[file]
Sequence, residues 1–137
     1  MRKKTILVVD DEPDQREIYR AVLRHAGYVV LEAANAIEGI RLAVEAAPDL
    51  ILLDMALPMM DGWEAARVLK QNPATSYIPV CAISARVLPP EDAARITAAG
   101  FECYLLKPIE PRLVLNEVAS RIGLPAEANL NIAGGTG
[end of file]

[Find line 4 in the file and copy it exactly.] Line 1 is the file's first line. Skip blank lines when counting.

   101  FECYLLKPIE PRLVLNEVAS RIGLPAEANL NIAGGTG